Davis opened four state-certified mental health and chemical dependency clinics in 2006. The next year, he opened the first suboxone clinic in Marion County. Suboxone is a medication used to treat opioid addiction.
He also worked to assist the Polk County Drug Court secure federal funds for treatment services. In 2008, the Addiction Certification Board of Oregon asked Davis to compile the best research in treating African-Americans with substance abuse disorders.
Davis has worked as an adjunct faculty member at the University of Oregon.
Kathryn Hupy – reappointment to the Alcohol and Drug Policy Commission
Hupy is originally from the Boston area, and graduated from Brandeis University in Waltham, Massachusetts in 2007 with a degree in Islamic and Middle Eastern Studies. In 2010, Hupy graduated from Albany Law School in New York with a concentration in criminal law.
“I am a member of the bar in New York, Massachusetts, and Oregon, and practiced in Oregon for approximately 11 years before joining the Polk County Circuit Court,” Hupy said, whose role is program manager in the specialty courts.
Nancy Ayala Johnson – appointment to the Commission on Hispanic Affairs
“As a communication professional; I work closely with the Spanish-speaking community. I moved from Central Oregon to the Willamette Valley in 2019 and I started working with Alianza Poder, Instituto de Cultura Oregoniana, Radio Poder, and Oregon Pero en Espanol,” Ayala Johnson wrote.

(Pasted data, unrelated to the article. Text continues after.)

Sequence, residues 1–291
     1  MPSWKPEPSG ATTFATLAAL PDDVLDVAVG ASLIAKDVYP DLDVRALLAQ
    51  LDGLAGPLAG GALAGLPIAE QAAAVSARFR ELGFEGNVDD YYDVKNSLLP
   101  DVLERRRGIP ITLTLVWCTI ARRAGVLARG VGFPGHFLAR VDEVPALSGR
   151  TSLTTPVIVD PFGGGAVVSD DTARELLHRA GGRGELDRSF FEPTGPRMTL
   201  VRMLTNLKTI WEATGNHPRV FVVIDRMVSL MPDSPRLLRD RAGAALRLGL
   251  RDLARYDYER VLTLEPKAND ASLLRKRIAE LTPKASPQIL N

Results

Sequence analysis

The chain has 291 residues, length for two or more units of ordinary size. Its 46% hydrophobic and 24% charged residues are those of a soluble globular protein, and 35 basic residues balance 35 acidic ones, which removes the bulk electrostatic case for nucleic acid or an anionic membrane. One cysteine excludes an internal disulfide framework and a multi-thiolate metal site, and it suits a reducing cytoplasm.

Marsha Wentzell – reappointment to the Home Care Commission
Wentzell has been a member of the Oregon Health Authority’s Ombuds Advisory Council, and a committee member on the Medicaid Durable Medical Equipment, Prosthetics, Orthopedics and Supplies Committee.
She has also been a committee member on the State’s Independent Living Council, and was a commissioner on the Oregon Home Care Commission from 2015 to 2018. Wentzell served as a Provincial Home Care Committee Member in Nova Scotia from 1999 to 2004.
She listed her community participation at Broadway Life Center, Salem Alliance, Salem, Oregon Literacy Support Provider and Home Delivery Coordinator at the Feed Salem Program.
Paul Johnson – reappointment to the Home Care Commission
When he was 10 years old, Johnson’s family moved to Glen Ellen, California. His father was a pastor and his mother was a registered nurse at the Sonoma Developmental Center for people with cognitive disabilities.
“My brother, Andrew, experienced significant physical and cognitive disabilities and was a resident in that facility until his death in 1982,” Johnson said.